GandCrab is a ransomware-as-a-service variant that was discovered in early 2018 by experts at cyber security firm LMNTRIX. Described as agile ransomware, the actors behind this strain started by publishing the least well-built malware that could possibly work, and improved it as they went along. Advertised in the Russian hacking community on the dark web, this strain is operated in an affiliates program, with those joining the program paying 30%-40% of their earned ransom revenues to the GandCrab author. In return, affiliates get a full-featured web panel and technical support.
How The Attack Works
RIG and GrandSoft exploit kits are utilized to distribute this ransomware strain via phishing emails send to victims. Within the first month of distribution, it was estimated that the GandCrab strain infected about 50,000 computers, most of them in Europe, asking each victim for ransoms between $400-$700,000 in DASH cryptocurrency.
GandCrab v4 Features
An updated version of the strain seen in the wild of July 2019 had some interesting features not previously seen:
GandCrab and Vidar - A Nasty Malware Hybrid
Almost a year after the strain was first discovered, a hybrid attack combining GandCrab with Vidar, a data harvesting malware was detected. Vidar exfiltrates a wide variety of data, including passwords, documents, screenshots, stored two-factor authentication information, and cryptocurrency wallets and sends that to its C&C server. Next, GandCrab encrypts the infected system and displays a ransom demand. Fallout Exploit Kit was used to distribute this combo.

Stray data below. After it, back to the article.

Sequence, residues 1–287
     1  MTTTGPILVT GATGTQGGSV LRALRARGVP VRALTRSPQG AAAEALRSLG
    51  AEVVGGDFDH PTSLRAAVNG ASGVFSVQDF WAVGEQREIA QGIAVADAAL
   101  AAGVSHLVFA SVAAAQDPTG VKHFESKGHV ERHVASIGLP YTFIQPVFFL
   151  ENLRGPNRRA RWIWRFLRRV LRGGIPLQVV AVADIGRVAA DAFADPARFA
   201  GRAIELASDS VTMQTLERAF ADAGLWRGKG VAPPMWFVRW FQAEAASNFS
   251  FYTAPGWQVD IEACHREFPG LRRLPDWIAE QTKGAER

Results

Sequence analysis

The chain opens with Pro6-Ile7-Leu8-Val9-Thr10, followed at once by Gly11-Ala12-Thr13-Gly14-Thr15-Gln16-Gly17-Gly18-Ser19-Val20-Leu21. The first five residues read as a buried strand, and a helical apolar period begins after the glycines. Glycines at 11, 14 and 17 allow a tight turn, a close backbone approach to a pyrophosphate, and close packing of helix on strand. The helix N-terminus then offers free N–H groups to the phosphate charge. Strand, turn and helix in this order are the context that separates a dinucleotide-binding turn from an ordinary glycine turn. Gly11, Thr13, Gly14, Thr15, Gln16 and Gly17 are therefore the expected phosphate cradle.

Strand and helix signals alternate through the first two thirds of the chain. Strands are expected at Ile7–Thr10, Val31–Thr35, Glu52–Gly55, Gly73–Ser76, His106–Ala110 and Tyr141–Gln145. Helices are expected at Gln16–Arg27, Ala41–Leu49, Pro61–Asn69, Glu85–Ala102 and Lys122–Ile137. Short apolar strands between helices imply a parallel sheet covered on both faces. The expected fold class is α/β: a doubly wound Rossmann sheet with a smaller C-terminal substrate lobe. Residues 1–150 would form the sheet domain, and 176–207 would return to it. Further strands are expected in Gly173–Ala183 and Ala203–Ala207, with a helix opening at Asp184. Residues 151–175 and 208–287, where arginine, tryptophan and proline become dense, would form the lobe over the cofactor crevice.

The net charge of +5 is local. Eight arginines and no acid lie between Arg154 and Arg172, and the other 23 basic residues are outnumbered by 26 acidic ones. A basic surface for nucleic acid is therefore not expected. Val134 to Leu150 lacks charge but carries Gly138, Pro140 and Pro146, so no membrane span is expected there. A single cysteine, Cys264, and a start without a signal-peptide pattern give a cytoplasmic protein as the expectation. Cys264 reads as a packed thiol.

Running an infostealer before deploying the ransomware ensures some money for the adversary even if the victim does not pay the ransom. Even if the cybercriminals have no use for the stolen data themselves, they can sell it on underground forums. Here is a diagram to show how this attack works:
Should You Be Worried About GandCrab?
The earliest versions were relatively benign, really only working in environments where security is completely lacking (e.g. no antivirus, as AV will easily spot this), and where the existing patch (that has been out since May of 2017) hasn’t been applied. Anyone still running Windows XP or Windows 2003 is at risk. While Microsoft’s patch is available for older operating systems (with the exception of Windows 2000), many AV solutions no longer support these older OSes, making them prime targets for this new and improved ransomware variant.
Bitdefender has a decryption for this strain: https://labs.bitdefender.com/2018/10/gandcrab-ransomware-decryption-tool-available-for-free/
UPDATE: As of May 2019, cybercriminals behind GandCrab announced they were closing up shop and retiring after having allegedly earned more than $2 billion in extortion payments from victims.